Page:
Title: Heir to Sevenwaters
Author: Juliet Marillier
Stand alone or series: Book 4 in the Sevenwaters series, but can be read as a stand alone novel.
Why did I read this book: I nearly died of a happy heart attack when I received this novel in the mail from the publisher. I absolutely loved Daughter of the Forest (Book 1 of the original Sevenwaters trilogy), and was salivating over this new book.
Summary: (from Amazon.com)
The chieftains of Sevenwaters have long been custodians of a vast and mysterious forest. Human and Otherworld dwellers have existed there side by side, sharing a wary trust. Until the spring when Lady Aisling of Sevenwaters finds herself expecting another child—a new heir to Sevenwaters.
Then the family’s joy turns to despair when the baby is taken from his room and something…unnatural is left in his place. To reclaim her newborn brother, Clodagh must enter the shadowy Otherworld and confront the powerful prince who rules there.
There are very few books that I have read this year that have left me dreading each turn of the page–not out of fear or distaste with the writing, but out of a passion to keep reading the book. Out of the knowledge that once the last page turns, that inevitable ache of loneliness will settle in–because the book is just that damn good.
Such is Heir to Sevenwaters.
The family of Sevenwaters has held a pact with the Fair Folk that live in its forests for many, many years. The humans at Sevenwaters vow to protect the forest from disbelievers and outsiders that would push the Fair Folk from their homes, and in turn the Fair Folk provide their own protection and aid for the family.
This new tale follows Clodagh, the middle daughter to Lord Sean of Sevenwaters and his wife Aisling. On the eve of her twin sister Deirdre’s marriage to the Southern Chieftan Illann, Clodagh finds herself at the center of all the excitement and activity at Sevenwaters. Her mother, Aisling is an older woman but near then end of her difficult pregnancy; Lady Aisling has her hopes and dreams set on the new babe she carries, for she has only borne Sean daughters and it has always been her greatest desire to bear him a son. Lord Sean, worried for his wife’s health relies on Clodagh to make sure that the household is running smoothly, and on his wise daughter’s advice and soothing presence–especially in this time of strain with the new marriage alliance to the south. Clodagh, though not exceptionally beautiful or powerful like her other sisters, is an empathetic character who manages to soothe the tensions at Sevenwaters with ease, while aptly dealing with the myriad crises of planning a wedding and caring for her sisters and guests. Johnny, child of the prophecy and the promised heir of Sevenwaters as cousin to the daughters, and his men of Inis Eala ride to Sevenwaters to join the celebration–one of Clodagh’s sweethearts, a chieftan’s son named Aidan, among them. When Clodagh runs into Aidan in the forest surrounding her home, she is warmed by his presense but taken off guard by the rudeness of the friend with him–another one of Johnny’s men, named Cathal. Over the course of the men’s stay, Cathal continues to try to separate his best friend from Clodagh, going out of his way to be harsh and cold towards her as well as suspiciously disappearing and stirring up all sorts of mistrust and trouble.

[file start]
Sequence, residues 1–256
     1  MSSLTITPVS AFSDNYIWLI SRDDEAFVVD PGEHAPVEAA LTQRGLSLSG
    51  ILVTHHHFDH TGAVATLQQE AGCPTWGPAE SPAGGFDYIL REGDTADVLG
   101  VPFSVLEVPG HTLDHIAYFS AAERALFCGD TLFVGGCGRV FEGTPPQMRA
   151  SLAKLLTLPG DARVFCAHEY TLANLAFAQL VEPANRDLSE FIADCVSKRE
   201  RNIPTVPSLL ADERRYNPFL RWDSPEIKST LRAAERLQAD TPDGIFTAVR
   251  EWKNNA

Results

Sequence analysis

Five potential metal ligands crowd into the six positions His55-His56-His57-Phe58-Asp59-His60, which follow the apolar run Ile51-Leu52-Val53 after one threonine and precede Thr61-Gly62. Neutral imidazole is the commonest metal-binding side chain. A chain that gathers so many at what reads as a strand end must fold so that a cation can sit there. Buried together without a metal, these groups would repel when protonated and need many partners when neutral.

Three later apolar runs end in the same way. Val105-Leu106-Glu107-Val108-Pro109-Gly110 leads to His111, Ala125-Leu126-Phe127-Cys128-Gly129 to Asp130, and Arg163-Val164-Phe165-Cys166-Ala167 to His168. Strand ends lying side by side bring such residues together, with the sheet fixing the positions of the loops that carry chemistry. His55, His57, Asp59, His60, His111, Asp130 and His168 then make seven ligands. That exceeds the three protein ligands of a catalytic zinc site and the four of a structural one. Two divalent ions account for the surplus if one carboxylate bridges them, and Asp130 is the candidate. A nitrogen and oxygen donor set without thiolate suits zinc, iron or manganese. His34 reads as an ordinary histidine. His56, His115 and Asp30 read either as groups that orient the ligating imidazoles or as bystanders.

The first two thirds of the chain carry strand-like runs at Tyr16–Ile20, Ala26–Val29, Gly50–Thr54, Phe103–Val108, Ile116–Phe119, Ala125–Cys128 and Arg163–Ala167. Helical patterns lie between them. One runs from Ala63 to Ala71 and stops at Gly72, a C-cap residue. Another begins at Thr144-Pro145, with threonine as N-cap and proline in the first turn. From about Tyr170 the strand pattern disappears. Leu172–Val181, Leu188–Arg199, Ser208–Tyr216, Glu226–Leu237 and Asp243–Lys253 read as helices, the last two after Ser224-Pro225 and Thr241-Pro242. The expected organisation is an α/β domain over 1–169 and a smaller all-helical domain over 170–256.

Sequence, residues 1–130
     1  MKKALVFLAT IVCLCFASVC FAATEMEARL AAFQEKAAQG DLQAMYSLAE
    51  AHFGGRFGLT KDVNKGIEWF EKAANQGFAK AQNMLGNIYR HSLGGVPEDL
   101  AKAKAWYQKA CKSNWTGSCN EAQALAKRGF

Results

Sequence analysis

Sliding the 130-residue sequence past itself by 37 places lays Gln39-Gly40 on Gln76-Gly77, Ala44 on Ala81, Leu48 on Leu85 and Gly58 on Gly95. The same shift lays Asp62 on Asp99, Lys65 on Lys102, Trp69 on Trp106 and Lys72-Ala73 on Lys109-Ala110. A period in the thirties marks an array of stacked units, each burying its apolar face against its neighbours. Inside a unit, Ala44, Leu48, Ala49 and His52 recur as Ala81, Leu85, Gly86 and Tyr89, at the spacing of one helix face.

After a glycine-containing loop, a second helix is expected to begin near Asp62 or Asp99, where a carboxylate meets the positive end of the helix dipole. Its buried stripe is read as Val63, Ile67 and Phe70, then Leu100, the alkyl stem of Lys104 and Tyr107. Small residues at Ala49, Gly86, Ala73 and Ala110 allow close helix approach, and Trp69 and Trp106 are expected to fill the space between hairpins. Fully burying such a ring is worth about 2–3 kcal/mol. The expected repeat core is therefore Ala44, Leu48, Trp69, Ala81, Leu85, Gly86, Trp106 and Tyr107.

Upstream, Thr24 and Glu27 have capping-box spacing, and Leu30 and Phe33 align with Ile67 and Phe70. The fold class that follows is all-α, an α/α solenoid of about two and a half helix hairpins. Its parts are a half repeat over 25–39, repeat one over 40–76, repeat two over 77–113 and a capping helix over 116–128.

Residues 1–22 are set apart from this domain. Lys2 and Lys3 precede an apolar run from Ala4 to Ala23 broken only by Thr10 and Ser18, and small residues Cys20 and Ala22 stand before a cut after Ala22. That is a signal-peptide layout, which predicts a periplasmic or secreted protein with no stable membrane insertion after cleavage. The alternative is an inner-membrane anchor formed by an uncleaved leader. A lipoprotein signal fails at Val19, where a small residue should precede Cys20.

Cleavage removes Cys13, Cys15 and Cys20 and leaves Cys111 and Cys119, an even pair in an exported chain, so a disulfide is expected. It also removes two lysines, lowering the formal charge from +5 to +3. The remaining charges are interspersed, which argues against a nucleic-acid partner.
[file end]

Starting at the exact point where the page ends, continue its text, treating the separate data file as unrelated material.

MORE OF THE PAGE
After Deirdre and her new husband leave, Lady Aisling gives birth to her child–a beautiful, healthy baby boy, named Finbar. The family is overjoyed, especially as it seems Aisling’s health is strong. One night, however, that all changes as Clodagh sits watch over her baby brother but is momentarily distracted when the enigmatic Cathal comes to speak with her, to say goodbye and surprises her with a tender kiss. When he leaves, Clodagh discovers that her newborn brother has been taken, replaced with a changeling baby made of sticks and moss and pebbles, and only Clodagh can see that the changeling child is alive and not a cruel mannequin of a baby. The household is in uproar as Lord Sean spurns his careless daughter, Aisling starts to fade away with the disappearance of her new son, and no one believes in Clodagh’s insistence that the child is alive and that the fair folk must be behind the disappearance. Political distrust and accusations begin to fly, and Clodagh realizes that brother’s abduction is part of some larger scheme, and she–and Cathal, as she later realizes–must journey to the Otherworld to save her brother, and keep her world from falling apart.